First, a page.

2015-16 UNC Wilmington Budget: Where Students Fit Into the Numbers

A little digging reveals how students are prioritized by the UNCW administration.

The 2015-16 UNC Wilmington budget provides insight into the whether the university is as invested in the development of its student body as it claims.

Breaking down the budget

In 2015, UNC Wilmington’s total expenses were $289 million.

Student Services, defined by North Carolina’s chart of accounts as any, “activity including functions and services of the institution which support and complement academic programs and enhance the total development of students by contributing to their cultural, social, intellectual, physical, and emotional maturation,” received $10.9 million (4 percent) of the total sum.

This includes, but is not excluded to, student admissions and records maintenance, student social and cultural development, counseling and career guidance, the development of the multiple groups and student run organizations and student financial aid administration.

The largest function, Instruction Expenses, totaled $100.6 million (35 percent) of the university’s budget. Instructional expenses are composed of a wide range of service but are primarily for the salaries and benefits of the university’s hired faculty.

Instructional expenses have received the largest increase of any budget item since 2006, and while not directly categorized as a “student service,” certainly go towards the betterment of the student body – improper support of faculty and staff would be a great disservice to the students attending the university.

More students = more expenses

In their financial statement, UNC Wilmington explains that the increase in student population over the years has demanded a proportional increase in their faculty numbers. From 2006 to 2015 the campus population has grown from 11.5 thousand students and 776 faculty members, to 14.6 thousand students and 997 faculty members.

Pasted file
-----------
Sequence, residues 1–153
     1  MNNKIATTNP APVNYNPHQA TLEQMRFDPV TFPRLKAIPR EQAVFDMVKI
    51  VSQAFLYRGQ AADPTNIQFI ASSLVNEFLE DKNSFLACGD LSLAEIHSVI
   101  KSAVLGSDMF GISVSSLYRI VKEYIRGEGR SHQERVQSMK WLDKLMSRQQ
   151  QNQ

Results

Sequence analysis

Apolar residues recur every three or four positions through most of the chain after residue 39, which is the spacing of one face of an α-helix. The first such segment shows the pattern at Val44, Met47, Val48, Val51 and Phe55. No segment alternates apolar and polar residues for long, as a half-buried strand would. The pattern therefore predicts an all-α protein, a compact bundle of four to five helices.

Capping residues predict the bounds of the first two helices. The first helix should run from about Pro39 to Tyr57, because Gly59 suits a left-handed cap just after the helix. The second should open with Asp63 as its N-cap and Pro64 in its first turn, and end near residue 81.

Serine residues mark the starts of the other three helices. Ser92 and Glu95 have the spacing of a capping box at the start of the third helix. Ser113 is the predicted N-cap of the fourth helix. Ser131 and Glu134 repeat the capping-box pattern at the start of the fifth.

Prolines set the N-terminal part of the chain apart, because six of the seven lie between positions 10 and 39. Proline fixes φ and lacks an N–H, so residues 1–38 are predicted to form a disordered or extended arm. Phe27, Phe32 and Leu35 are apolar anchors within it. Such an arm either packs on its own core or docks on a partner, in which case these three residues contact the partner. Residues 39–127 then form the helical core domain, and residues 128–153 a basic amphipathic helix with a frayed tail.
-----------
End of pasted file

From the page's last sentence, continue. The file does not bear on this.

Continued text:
In 2006, the average cost per semester for an undergraduate student was $2,080 for in-state and $7,047 for out-of-state. Current semester undergraduate expenses have raised to $3,345 for in-state and $10,278 for out-of-state.

The bigger picture

Student Services is not alone in earning a lower end of the school’s budget. Academic Support ($18.4 million, 6 percent), including funding for Randall Library which provides an essential learning environment for studying students, has been consistently underserved. Likewise, Institutional Support ($22.7 million, 7 percent), which, “provides continuous general operational support to the institution,” receives a proportionately small sum.

Student Financial Aid, however, did receive a drastic increase in spending (nearly an additional $12 million increase from 2006’s $6.5 million expense) according to the 2006 financial report.

Student Financial Aid includes, “money available for distribution among students enrolled in a degree or certified programs at the institution.”

Yes, Student Services is one of the many functions getting a smaller chunk of the university’s budget, but that does not necessarily mean it is an inadequate sum. When compiled together with Academic Support and Instructional expenses, UNCW allocates roughly $53 million (18 percent) toward student-development.

The remaining $236 million is used to manage institutional support and maintaining the university’s facilities and enterprises, essential expenses if the university is to continue providing a safe and functional learning environment.


Some students may feel disappointed when seeing where they financially fit into UNC Wilmington’s budget but can come to find that they are getting more than what it may seem. Furthermore, with all the student run organizations, intramural club sports, available counseling for students and open Student Government positions, students are always able to take their educational endeavors into their own hands at UNC Wilmington.

Ultimately, UNC Wilmington allocates its funds in such a way that emphasizes student success, while giving appropriate attention to other essential, non-student costs.


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Header image: Adobe Stock


Posted 10.11.2016 - 01:00 pm EDT

Filed under

college budget college debt college education

Written by

Joel Barrio